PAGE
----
What is your favorite memory?

Gustafson: Not to bring the mood down, but my favorite memory was on our first tour, 2016 with Ego Likeness. We were already a good bit into the tour and we played Portland. It was a great vibe and we were received well by friends and new fans alike. Our bass player/co-singer Jon Gilyeat (who sadly passed away in January of 2017) remarked after the show, smiling, saying that he noticed people were singing along to the words of our songs. He was struck with a natural wonder and glee about it; this coming from a guy who always played it cool and collected. You had to earn his respect. He was not easily impressed and he didn’t give out platitudes easily. He was a kind and warm person, just… reserved. It was a great night overall. It really hit me that night that he felt we were doing something good and that he was happy to be involved. We all miss him so much.

Erik, you reside in Texas. How is the music scene there?

Gustafson: It’s a mixed bag, really. It’s very splintered. Our beloved home venue Elysium, as mentioned, gets some great touring shows for this scene, and John Wickham has likely the most killer ’80s night in Texas each Sunday. San Antonio is also currently experiencing a death rock, as well as a traditional goth revival with some well attended DJ nights and also dark electro fetish shows. There’s really not too much crossover between these little scenes in the major Texas cities, and I truly hope that can change. We have, however, been focused more on touring the entire U.S..

If you could construct your own music festival, what would it look like?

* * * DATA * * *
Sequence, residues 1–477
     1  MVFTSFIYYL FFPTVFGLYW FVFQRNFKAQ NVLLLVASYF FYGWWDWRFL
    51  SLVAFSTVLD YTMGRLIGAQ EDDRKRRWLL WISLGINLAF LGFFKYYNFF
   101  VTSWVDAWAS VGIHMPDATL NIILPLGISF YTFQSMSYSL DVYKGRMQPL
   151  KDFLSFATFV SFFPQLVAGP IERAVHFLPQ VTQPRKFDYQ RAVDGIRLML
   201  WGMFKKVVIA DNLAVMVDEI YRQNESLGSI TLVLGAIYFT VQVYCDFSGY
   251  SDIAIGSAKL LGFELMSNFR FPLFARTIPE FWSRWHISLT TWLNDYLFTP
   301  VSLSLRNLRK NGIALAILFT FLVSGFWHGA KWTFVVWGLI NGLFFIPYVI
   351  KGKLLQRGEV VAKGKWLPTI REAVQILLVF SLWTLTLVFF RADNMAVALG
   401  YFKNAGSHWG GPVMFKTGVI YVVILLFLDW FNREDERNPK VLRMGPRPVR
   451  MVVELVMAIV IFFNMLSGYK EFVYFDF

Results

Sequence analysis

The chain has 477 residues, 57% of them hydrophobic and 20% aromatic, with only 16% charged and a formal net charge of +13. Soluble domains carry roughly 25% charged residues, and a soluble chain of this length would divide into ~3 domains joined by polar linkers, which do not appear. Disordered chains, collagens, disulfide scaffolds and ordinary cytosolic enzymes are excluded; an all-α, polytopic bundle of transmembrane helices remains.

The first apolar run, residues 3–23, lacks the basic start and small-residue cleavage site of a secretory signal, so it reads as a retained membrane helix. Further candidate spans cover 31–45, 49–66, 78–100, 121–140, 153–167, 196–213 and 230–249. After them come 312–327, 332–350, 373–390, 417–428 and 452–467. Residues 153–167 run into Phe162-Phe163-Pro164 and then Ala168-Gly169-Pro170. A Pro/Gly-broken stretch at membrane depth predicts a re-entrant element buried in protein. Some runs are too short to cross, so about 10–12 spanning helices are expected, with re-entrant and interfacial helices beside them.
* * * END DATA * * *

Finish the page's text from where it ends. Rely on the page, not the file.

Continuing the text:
Gustafson: That would be a lot to take on indeed! That said, if I did, it would include a wide array of modern dark electronic music ranging from the, dare I say, ‘hipster electro,’ which is coming out of L.A., mixed with classic goth/industrial acts, and some witch house thrown in for good measure! Lots of smoke, lots of moody lighting, and various burlesque performers, and great DJs!

Anything else you would like to promote?

Gustafson: We would like to give a big thank you to Ken and Benny over at Cleopatra Records for the amazing support! We are very proud to be on the label that has had such a meaningful and legendary presence and dedication to the music we love. We have a new music video via Cleopatra Records’ official YouTube and was released exclusively on Brutal Resonance. Check that out, as well as our new song ‘Ember,’ which is a collaboration with Lorelei Dreaming, out soon on Jim Semonik’s always wonderful Electronic Saviors: Industrial Music to Cure Cancer compilation!


Adoration Destroyed
Website, Facebook, Twitter, SoundCloud, Bandcamp, YouTube
Cleopatra Records
Website, Facebook, Twitter, Bandcamp, YouTube
Website, Facebook, Twitter


Photography by Heather Viereck – courtesy of Against the Grain Photography.